We provide an overview of the theories and empricial evidence on the complex relationship among innovation, competition, and inclusive growth. Competition and innovation-led growth are critical to drive productivity gains and support broad-based growth. However, new technologies and trends in market concentration are stifling future innovation while contributing to the marked increase in inequality. Beyond consumer welfare in a narrow market, competition policy should adapt to this new reality by considering the spillover and dynamic effects of market power, especially on firm entry, innovation, and inequality. Innovation policies should tackle not only government failures but also market failures.
International Monetary Fund. Western Hemisphere Dept.
This 2018 Article IV Consultation highlights that after three years of robust expansion, the economy of the Dominican Republic moderated to close to its potential level. Economic activity is estimated to have expanded by 4.6 percent in 2017, following above-potential growth of 7.1 percent on average during 2014–16. The growth moderation was concentrated in the first three quarters of 2017. The economic outlook remains positive. The monetary easing in mid-2017 is expected to support a continued recovery in economic activity in 2018. Lower lending rates and stronger credit growth following the easing, combined with higher real wages and employment, are expected to continue to support domestic demand.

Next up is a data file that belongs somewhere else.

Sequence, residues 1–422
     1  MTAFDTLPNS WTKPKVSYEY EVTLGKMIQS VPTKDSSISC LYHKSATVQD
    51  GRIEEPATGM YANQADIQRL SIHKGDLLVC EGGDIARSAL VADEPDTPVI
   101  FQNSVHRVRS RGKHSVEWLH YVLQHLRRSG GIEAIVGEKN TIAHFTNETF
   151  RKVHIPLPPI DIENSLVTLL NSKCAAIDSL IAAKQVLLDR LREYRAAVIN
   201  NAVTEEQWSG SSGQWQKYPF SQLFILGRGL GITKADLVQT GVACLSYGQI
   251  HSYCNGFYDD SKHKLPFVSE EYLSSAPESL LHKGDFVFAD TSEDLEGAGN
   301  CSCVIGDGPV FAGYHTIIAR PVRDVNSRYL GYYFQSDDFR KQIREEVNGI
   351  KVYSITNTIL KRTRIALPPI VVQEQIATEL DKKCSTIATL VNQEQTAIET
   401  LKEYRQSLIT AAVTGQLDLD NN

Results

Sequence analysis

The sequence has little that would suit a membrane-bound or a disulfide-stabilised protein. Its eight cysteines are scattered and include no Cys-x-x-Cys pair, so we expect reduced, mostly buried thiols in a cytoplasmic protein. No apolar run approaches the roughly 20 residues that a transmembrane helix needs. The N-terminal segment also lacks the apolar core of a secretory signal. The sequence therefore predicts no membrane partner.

Mr. Luis Catão, Valeriya Dinger, and Daniel Marcel te Kaat
Using a sample of over 700 banks in Latin America, we show that international financial liberalization lowers bank capital ratios and increases the shares of short-term funding. Following liberalization, large banks substitute interbank borrowing for equity and long-term funding, whereas small banks increase the proportions of retail funding in their liabilities, which have been particularly vulnerable to flight-to-quality during periods of financial distress in much of Latin America. We also find evidence that riskier bank funding in the aftermath of financial liberalizations is exacerbated by asymmetric information, which rises on geographical distance and the opacity of balance sheets.
This paper is a report of Nicaragua’s performance under the 2007–11 program. The period was marked by a stern financial crisis, price shocks, and disasters, but the program maintained the macroeconomic stability. Although the program had several hurdles, its achievements were remarkable—approval of tax reforms, improvements in banks' framework, power and electricity framework, dwindled poverty rate, and strong foreign relations. Overall, the Board is in high spirits in the triumph of the program in a critical situation though it had some flaws.
The aim of this paper is to assess the short- and medium-term impact of debt crises on GDP. Using an unbalanced panel of 154 countries from 1970 to 2008, the paper shows that debt crises produce significant and long-lasting output losses, reducing output by about 10 percent after eight years. The results also suggest that debt crises tend to be more detrimental than banking and currency crises. The significance of the results is robust to different specifications, identification and endogeneity checks, and datasets.